Stumbling through the web before Christmas, Clash was lured into intrigue by a music forum wag who had posted a delicious musical equation to introduce a new band to the hordes. It said simply: “Múm meets Mew meets M83 =”…
Pretty damn alluring, huh? Sounds like a bag of dreams hovering skyward to our ears. The equation resulted in the discovery of The Deer Tracks, and a finer equation you are unlikely to discover this year.
The Deer Tracks are a Swedish duo, comprising the Anthony Hegarty/Alex DeLarge frame of David Lehnberg and the Katie ‘Ting Ting’ White meets Coco-Rosie amalgamation of Elin Lindfors. They are scintillating to just look at, let alone listen to. Borne out of the backward city of Gävle, a cold shipping city noted predominantly for its giant model of a straw goat (one that is torched on an almost yearly basis) that sits upon the Castle Square, David and Elin repeatedly bumped into each at gigs and parties through mutual friends, before deciding that their shared cultural passions were better spent making sweet, sweet music together.
“In the spring of 2006, Elin moved to London for a couple of months, wandering through Regents Park and endlessly listening to my basic demo ideas and sketches,” recalls David. “Even though we were in different countries, we started to create and visualise the foundations for The Deer Tracks. When Elin returned to Sweden, we recorded ‘Aurora’ in my homemade studio that we call Jesus Lo-Tech as it’s hidden in the cellar of a small church. It was done on a low, low budget.”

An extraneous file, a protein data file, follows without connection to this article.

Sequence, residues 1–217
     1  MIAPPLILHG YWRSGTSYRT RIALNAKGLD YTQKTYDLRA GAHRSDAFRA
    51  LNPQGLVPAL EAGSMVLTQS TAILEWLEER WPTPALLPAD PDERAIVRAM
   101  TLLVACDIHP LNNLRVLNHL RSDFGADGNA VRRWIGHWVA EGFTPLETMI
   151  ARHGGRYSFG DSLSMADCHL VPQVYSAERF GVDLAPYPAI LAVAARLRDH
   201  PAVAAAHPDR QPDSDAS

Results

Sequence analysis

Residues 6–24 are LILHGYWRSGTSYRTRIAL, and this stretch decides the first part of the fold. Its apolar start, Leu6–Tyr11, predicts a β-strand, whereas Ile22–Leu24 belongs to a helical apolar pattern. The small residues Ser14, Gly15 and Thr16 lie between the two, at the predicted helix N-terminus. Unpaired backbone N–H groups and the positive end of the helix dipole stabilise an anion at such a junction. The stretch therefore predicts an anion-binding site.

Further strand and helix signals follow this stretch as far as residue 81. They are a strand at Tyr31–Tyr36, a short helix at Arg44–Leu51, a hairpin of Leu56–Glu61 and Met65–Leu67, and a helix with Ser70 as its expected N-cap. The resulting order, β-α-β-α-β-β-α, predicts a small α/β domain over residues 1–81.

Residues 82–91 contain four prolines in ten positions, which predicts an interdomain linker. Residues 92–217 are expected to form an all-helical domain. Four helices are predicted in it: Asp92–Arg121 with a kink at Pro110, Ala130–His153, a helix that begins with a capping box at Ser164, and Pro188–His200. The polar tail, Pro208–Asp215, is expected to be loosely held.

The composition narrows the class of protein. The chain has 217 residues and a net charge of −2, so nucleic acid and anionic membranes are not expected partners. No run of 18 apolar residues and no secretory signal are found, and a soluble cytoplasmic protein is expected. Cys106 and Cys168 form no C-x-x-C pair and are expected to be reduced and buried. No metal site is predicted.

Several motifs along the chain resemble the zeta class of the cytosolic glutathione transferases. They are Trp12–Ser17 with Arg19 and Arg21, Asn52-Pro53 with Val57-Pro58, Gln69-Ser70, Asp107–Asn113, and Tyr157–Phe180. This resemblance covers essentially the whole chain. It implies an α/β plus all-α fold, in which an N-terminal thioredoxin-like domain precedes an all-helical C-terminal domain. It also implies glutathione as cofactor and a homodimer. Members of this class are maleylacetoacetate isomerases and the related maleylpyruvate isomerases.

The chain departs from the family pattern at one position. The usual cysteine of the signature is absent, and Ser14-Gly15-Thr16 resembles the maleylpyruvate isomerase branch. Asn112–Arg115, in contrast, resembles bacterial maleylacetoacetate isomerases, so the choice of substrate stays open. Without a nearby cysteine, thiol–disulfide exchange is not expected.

Inspired as much by the intense stare and beauty of the deer as they are by the magic chime of soothing electronics, the album came together quickly. The pair weren’t used to writing songs together, and David recalls the experience with typically obtuse imagery. “We started these songs like tiny houses full of skeletal frames and built them into shiny castles by applying our worlds into someone else’s fragmented stories. They are about Elin and myself telling different views on a subject in a unified way.” Consequently, ‘Aurora’ is a difficult record to understand in simple explanation but, as it unravels, David’s imagery is justifiably vivid.
Amongst that swirling wall of sound, The Deer Tracks introduce a veritable trove of instrumentation: electric guitars, melodica, trumpet, clarinet, keyboards, synthesizers, glockenspiel and music-boxes, along with assorted percussion and what David describes as “junk toys”.
It is a sound that has justifiably whipped the European bloggers into a frenzy of excitement. The much-respected Hype Machine had the duo in last summer’s Top 20 chart, finding them ahead of Beck, TV On The Radio and CSS, all of whom were busy with new material of their own. It is a buzz that is keenly spreading westwards.
Musical equations are quite the step forward to the ultimate description, almost a short review of Twitter-like inventiveness. Regardless, simplification of The Deer Tracks should lead you to only one conclusion: The Deer Tracks are majestic, and ‘Aurora’ is an electronic experience of quite epic proportions.